Unless you’ve been living under a rock (or the bottom of the ocean), you’ve no doubt heard of the reality television series Shark Tank. For the uninitiated, the show features aspiring entrepreneur-contestants pitching their proposals for new business ventures to a panel of venture capitalists, who then decide whether or not to invest. As the show’s name suggests, the pitching process is highly pressured, given what’s at stake for the contestants, the hard questions asked of them, and the short amount of time they have to sell their ideas. Now on its ninth season and third Emmy award, Shark Tank has been a runaway hit.
But the success of the shark tank formula doesn’t end with television. Although the show popularized the format and brought it to the public eye, the act of pitching a proposal to investors has been around as long as there have been entrepreneurs. A shark tank is a great opportunity for investors to critically review not only new inventions, but also the business plans to commercialize them. And it has long been an effective strategy for funding innovative ideas that show a great deal of growth potential.
Predator or Prey: It’s a Win-Win
Increasingly more companies are realizing the value of internal shark tanks—and not just those with innovation in their DNA, as in the technology sector. Organizations in even the unlikeliest of industries are running them. One such company is NakedWines, which offers customers great deals on premium wines by crowd-funding top-tier winemakers. The company uses shark tanks as way to give employees a formal but fun way present ideas for expanding the business and its services, from which a panel of voting executives then chooses the best to fund and pursue.
On the other end of the spectrum is the none other than the Central Intelligence Agency. The CIA recently began to run shark tanks as a way for employees to pitch their ideas to members of the Directorate of Digital Innovation (DDI) for potential funding and further project execution. As a division of the spy agency, the DDI was created in 2015 specifically to jumpstart cyber capabilities in the intelligence community. Speaking at the 2017 Public Sector Innovation Summit, CIA Chief Information Officer, John Edwards, announced that the agency uses pitch competitions to drive development of advanced intelligence-gathering technologies at a much faster rate than government bureaucracy would normally allow. That alone is a powerful testament to the efficiency of the format in advancing innovation.
Regardless of the industry, shark tanks are a great way to incentivize and fund business proposals that show promise. And many investment experts have offered advice to aspiring entrepreneurs on how to maximize their chances of a successful pitch, ranging from how to simply survive a shark tank to how to deliver a pitch that investors can’t turn down. Even Shark Tank’s own Mark Cuban, Daymond John, and Kevin O’Leary have all chimed in with their own tips.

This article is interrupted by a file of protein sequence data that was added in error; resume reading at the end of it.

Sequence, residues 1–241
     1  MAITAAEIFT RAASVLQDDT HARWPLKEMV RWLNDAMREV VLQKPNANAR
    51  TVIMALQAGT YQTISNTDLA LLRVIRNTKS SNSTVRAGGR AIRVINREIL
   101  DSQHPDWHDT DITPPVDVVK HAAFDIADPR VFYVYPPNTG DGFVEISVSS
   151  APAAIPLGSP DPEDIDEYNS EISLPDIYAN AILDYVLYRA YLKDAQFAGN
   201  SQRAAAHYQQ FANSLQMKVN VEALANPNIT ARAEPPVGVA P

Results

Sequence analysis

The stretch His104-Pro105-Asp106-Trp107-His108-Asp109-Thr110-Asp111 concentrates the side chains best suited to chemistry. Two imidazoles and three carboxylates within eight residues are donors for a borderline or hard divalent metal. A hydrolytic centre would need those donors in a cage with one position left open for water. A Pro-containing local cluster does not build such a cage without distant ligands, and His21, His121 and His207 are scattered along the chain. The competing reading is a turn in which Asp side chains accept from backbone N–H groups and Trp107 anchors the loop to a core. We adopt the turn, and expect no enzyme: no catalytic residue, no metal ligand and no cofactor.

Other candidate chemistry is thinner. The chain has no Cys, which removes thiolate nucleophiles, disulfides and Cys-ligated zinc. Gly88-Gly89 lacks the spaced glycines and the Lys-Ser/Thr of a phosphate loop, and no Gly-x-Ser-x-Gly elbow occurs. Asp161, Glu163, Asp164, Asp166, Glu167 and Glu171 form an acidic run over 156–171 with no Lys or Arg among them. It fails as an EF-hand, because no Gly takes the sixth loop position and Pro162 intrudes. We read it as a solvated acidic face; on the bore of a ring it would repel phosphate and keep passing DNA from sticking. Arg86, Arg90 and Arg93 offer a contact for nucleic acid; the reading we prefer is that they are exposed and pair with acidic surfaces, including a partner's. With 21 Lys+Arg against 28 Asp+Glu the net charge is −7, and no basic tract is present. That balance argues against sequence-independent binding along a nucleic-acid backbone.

Pitch: An App to Efficiently Run Your Shark Tank
But even as effective as a shark tank can be for funding promising projects, there are administrative challenges to running one. Applicants need an efficient way to submit their plans and to communicate with evaluators on follow-up questions. Judges need to evaluate proposals, assess their cost benefits, and communicate with applicants. And finally, once winning, entrepreneurs need to track the progress of their projects and measure their financial impact. Thankfully, there’s now dedicated software to do the job. Brightidea Pitch is an app specifically designed to manage an internal shark tank, enabling entrepreneurs to easily pitch new business ideas for their own executives to evaluate and grant budget for further development.
- Entrepreneurs can submit business proposals
- Judges can evaluate and fund projects
- Administrators can assess financial impact
And with advanced capabilities such as team collaboration and financial tracking, Brightidea Pitch provides the control and oversight that’s critical for keeping resources in check while allowing a project to thrive. Which can mean the difference between a proposal and a full-on commercial opportunity.
Team Collaboration. Preparing and pitching for a shark tank is often a team-based process. With Pitch, proposals can be submitted on behalf of a team, rather than just a single employee, creating a collaborative space for each member to communicate and receive project updates.
Mobile Friendly Judging. A big part of any pitch competition is the process of evaluating project submissions. The app’s responsive design makes it easy for judges to use any type of mobile device to follow along with presentations and mark their scores in real time.
Projections and Outcomes. With detailed financial tracking in Brightidea Pitch, the impact of each project can be quantified with hard dollar figures. The projected costs and benefits of any proposal can be calculated, then compared to its actuals once launched as a real project.
Because it streamlines and centralizes tasks at every step of a pitch event, the app lifts the administrative burden of running one. Competition organizers, contestants, and judges can all communicate and collaborate with a single online tool, enabling everyone to focus on the event itself.
In the end, regardless of the tools you use to run one, an internal shark tank is a great opportunity for entrepreneurs to get their stories together, build strong business cases, and secure funding for potentially game-changing projects. With the scope of innovation involved, such projects often require a great deal of capital and executive support. But given the right break, one of them might just become the next big thing.